Six people have been chosen to make their mark in history after their designs were chosen to be etched onto Covid-19 memorials at crematoria all over the country.
Westerleigh Group, the UK’s largest independent owner and operator of cemeteries and crematoria, announced last year it planned to create Covid-19 memorials at most of its sites in England, Scotland and Wales.
An open invitation was issued to people of all ages and backgrounds to submit ideas for a design to be carved onto stone obelisks which will form the centre-piece of each memorial.
Hundreds of creative entries were received. Six winning designs were chosen, one for each ‘region’ within Westerleigh Group, which meant designers could – if they wished – include local landmarks or something else relevant to their area in their design.
Roger Mclaughlan, Chief Executive Officer of Westerleigh Group, said: “We would like the memorial gardens to provide permanent, tranquil places for people to visit to remember loved ones who lost their lives during the pandemic and also to remember and reflect on those who have sacrificed so much to help others during the coronavirus crisis.
“We decided early on that we wanted local people to help shape how the gardens would look, so that each of them would become something of real significance to our local communities.
“We were overwhelmed by the creativity shown by the many people who submitted their imaginative designs and the judging process was a moving experience as it was clear that a lot of heartfelt thought had been put into each entry.
“I would like to congratulate all the winners and look forward to seeing how their designs look in the memorial gardens across our 34 crematoria.”
Retired nurse Angela Moran-Sharpness, aged 70, was the South region winner, with a design which featured a pair of forget-me-nots with foliage.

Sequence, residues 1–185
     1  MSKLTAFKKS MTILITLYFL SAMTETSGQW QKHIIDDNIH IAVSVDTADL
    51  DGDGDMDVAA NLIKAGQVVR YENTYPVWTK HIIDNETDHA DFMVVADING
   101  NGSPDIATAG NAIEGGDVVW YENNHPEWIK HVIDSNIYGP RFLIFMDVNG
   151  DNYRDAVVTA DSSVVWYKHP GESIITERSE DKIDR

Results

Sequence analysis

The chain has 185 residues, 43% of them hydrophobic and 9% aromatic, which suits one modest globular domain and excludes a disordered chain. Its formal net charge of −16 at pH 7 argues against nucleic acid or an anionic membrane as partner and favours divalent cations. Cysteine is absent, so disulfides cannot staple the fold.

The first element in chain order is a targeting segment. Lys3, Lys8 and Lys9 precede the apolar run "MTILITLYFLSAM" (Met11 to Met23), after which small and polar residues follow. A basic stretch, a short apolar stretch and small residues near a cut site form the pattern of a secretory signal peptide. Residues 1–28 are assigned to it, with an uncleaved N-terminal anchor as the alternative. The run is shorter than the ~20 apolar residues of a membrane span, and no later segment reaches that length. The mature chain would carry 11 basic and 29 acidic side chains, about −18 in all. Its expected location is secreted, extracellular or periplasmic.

She said: “Nature was my inspiration and I thought flowers would be suitable and look good on a black granite background.”
Art graduate Camilla Fitzjohn, aged 52, will see her design on the memorial stones at several crematoria around London and the east of England.
Her image features a round white globe which represents the world, surrounded by a rainbow, with hands reaching up into the centre and releasing three birds of paradise.
She said: “It feels great and wonderful that some of my art will be looked at by people from the future, there is no prize bigger than that.”
Rachel Almond, a 39-year-old part-time teacher and part-time budding artist, was the north regional winner, also used forget-me-nots as the basis of her design, with simple edges and petals which would stand out and looked like stained-glass panels.
She said: ““I hope the design is meaningful and evokes emotion, not forgetting loved ones and acting as a symbol of remembrance, love and growth.”
Schoolgirl Faith Williams, aged 11, was the Welsh regional winner with her design which included the Welsh dragon, a rainbow and a heart.
She said: “I was inspired by all the good coming from this pandemic, like all the NHS and key workers who have been helping us all.”
Scotland winner Poppy Lunn, aged 12, also used some traditional imagery, drawing three thistles.
She said: “The middle one has a rainbow which represents the NHS and all they have done for us. The other thistles on each side are protecting the NHS, just like we have tried to do.”
The youngest winner was 10-year-old Somerset schoolboy Jake Insall, whose design will be appearing at several South West crematoria.
He said: “My design has a rainbow, clouds at the end of the rainbow, and two hands reaching through and over the rainbow, holding hands.”
Westerleigh Group hopes to install the Covid-19 memorials at all its sites during June and July, ready to open for the public to visit this summer.